Hardwood lumber is typically sold per board foot when purchased in bulk. The board footage is calculated before the lumber is surfaced, planed or sanded.

## Based on Volume

Board foot is a calculation of volume, allowing for numerous boards to be tallied up at the same time, even though they are various widths.

## In the Rough

Calculations of board foot are typically **based on rough, nondimensioned lumber.** Rough lumber is exactly what the name implies; it appears fuzzy, with loose fibers, and is typically not consistent in width or thickness.

## Thickness and Length

Typical thicknesses for rough lumber are 1 or 2 inches, also commonly referred to as 4/4, or four-quarter, and 8/4, or eight-quarter. Length is somewhat consistent for dimensioned or rough lumber, even though each piece may be a few inches longer or shorter than the stated size. The length is **rounded to the nearest foot**.

## Dimensioned Lumber

You can purchase dimensioned lumber -- lumber that has been surfaced or sanded -- using board-foot calculations, by rounding the thickness up to the nearest inch. It's a common practice and widely accepted by woodworkers. Prices for dimensioned lumber calculated in board footage typically **reflect the price of sanding, planing or milling**.

## By Definition

A single board foot of lumber measures 1 inch thick, 12 inches wide and 12 inches long. The formula for calculating board feet is first to multiply thickness by width by length -- in inches. Then **divide the total by 144** for the total board footage of a given board.

## Calculation Example

Suppose you have a board that measures 1 inch by 12 inches by 96 inches. Multiply the three dimensions together to get 1,152. Divide 1,152 by 144 to get the actual board feet, which is 8.

## Multiple Boards

## Step 1: Measure the Width

Measure the width of individual boards, and write each measurement down on a piece of paper. Add the numbers together.

## Step 2: Measure the Length

Measure the length of one board only. There might be slight differences in the length of individual boards; that's fine. Round it to the nearest 12-inch mark. For example, write 96 inches for an 8-foot board.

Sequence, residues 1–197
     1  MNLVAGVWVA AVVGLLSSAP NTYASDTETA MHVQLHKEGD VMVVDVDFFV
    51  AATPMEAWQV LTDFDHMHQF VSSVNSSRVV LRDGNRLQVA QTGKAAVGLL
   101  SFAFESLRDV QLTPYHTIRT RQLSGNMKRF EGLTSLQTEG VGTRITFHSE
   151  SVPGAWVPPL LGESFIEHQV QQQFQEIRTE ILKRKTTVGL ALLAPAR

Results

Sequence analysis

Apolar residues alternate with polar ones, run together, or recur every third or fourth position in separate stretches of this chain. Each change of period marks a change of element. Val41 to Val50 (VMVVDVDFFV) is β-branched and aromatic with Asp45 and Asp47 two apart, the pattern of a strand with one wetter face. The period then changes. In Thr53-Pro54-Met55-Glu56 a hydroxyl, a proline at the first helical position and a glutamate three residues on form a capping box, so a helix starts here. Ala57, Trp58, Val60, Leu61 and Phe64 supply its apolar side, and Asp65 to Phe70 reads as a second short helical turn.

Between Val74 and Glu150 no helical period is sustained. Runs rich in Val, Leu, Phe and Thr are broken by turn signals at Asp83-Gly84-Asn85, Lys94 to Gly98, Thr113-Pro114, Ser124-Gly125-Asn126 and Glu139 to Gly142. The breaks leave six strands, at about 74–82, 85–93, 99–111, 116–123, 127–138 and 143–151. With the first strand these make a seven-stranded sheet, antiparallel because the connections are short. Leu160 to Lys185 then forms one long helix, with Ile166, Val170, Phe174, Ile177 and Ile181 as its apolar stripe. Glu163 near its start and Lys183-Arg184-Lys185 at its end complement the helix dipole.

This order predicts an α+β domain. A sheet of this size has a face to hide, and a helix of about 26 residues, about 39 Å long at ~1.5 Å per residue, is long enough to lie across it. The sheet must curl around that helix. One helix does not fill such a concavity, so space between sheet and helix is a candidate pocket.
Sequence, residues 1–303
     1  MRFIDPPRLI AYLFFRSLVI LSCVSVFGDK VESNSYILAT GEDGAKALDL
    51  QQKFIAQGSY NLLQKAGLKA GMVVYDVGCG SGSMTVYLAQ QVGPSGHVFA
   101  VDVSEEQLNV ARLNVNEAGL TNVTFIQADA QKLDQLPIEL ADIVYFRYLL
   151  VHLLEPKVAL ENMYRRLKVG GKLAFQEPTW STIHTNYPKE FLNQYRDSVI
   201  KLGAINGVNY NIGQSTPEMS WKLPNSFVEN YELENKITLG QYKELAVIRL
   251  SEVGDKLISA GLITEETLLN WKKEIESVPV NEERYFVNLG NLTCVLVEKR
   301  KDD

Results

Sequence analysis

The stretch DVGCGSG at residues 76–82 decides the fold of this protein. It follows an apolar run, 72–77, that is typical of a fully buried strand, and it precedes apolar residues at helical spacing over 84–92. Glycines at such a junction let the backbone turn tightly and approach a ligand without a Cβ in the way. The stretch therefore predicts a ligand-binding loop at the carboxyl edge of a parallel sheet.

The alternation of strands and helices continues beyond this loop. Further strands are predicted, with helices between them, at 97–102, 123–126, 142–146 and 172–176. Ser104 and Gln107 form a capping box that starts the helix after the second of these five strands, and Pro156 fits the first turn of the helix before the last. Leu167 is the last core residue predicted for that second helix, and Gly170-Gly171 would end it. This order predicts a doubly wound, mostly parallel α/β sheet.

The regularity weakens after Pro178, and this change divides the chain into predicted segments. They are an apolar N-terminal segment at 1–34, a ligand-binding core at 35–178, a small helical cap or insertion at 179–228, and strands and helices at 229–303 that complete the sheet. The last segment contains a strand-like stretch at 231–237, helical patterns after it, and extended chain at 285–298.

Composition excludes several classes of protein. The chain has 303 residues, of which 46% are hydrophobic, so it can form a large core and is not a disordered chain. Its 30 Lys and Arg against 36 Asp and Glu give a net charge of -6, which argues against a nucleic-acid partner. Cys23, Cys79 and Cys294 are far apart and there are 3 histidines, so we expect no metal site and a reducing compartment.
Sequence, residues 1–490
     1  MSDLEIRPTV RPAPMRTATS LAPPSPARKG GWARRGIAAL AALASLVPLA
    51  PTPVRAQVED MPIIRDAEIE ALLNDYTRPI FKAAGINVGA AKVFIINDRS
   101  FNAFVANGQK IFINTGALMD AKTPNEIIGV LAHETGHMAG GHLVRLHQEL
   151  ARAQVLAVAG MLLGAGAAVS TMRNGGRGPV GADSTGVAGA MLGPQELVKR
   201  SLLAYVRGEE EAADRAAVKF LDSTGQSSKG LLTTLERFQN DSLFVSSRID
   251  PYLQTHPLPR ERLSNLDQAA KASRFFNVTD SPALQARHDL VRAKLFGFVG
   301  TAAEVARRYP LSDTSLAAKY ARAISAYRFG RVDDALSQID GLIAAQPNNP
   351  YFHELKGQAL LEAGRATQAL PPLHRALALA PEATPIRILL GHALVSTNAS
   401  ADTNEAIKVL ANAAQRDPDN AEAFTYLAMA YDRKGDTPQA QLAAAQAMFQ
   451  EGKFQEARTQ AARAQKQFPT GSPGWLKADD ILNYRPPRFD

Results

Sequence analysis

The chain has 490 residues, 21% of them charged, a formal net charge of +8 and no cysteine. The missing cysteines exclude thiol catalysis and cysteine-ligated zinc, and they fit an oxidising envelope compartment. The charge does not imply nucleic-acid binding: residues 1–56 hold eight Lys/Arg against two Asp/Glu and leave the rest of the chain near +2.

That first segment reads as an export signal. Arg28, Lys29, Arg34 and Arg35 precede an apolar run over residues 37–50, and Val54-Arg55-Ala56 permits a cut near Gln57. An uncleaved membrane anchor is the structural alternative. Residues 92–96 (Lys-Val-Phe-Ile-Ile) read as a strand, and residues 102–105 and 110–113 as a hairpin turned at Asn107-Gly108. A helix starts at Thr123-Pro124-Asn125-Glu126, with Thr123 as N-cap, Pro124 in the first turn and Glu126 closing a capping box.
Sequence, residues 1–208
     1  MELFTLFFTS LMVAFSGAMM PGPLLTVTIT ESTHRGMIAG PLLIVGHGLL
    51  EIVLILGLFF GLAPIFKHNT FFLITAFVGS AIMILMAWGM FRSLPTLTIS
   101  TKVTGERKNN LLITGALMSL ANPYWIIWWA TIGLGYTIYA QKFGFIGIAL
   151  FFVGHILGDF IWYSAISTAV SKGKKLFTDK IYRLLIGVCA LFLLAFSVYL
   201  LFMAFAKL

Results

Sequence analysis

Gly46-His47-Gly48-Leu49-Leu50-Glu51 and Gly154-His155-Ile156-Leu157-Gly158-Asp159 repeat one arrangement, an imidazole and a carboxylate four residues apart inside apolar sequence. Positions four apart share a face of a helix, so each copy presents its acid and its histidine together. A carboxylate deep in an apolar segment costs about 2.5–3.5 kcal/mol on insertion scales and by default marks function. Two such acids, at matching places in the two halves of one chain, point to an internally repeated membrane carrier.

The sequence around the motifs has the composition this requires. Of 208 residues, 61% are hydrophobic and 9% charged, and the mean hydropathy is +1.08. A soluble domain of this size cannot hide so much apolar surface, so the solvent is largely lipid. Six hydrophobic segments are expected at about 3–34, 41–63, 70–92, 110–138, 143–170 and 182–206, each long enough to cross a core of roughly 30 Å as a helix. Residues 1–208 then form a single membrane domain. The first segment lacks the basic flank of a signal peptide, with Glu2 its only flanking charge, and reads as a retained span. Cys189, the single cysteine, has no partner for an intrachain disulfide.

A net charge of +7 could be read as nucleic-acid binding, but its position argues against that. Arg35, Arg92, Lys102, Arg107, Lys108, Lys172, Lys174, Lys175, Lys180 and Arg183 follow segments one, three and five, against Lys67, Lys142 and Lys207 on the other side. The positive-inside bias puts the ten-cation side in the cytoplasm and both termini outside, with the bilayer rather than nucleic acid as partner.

## Step 3: Use the Formula

Multiply the numbers for total width, length and thickness. Divide that number by 144 to get the board footage of all the boards combined.

## Calculate by Layer

Woodworkers may calculate board feet by layer. For example, the back of a pickup truck is about 48 inches wide. Using the formula, a single layer of hardwood -- 96 inches in length -- in the back of the truck equals **approximately 32 board feet**. If you stack four layers on the truck -- 4 x 32 -- the total board footage is 128.

## Calculate Eight-Quarter

It's not often that you purchase rough lumber thicker than 1 inch, and rough lumber doesn't typically graduate in fractions. Occasionally, however, if you want to purchase 8/4 rough lumber, which is 2 inches thick, calculate for a 1-inch thickness and then **double the board footage.**

## MBF Pricing

Sometimes lumber is priced per MBF, or 1,000 board feet. If you want to buy 250 board feet of lumber, for example, and it costs $500 per MBF, divide 250 by 1,000 to get 0.25 MBF, then multiply that by $500 to get a price of $125.

### Wade Shaddy

Specializing in hardwood furniture, trim carpentry, cabinets, home improvement and architectural millwork, Wade Shaddy has worked in homebuilding since 1972. Shaddy has also worked as a newspaper reporter and writer, and as a contributing writer for Bicycling Magazine. Shaddy began publishing in various magazines in 1992, and published a novel, “Dark Canyon,” in 2008.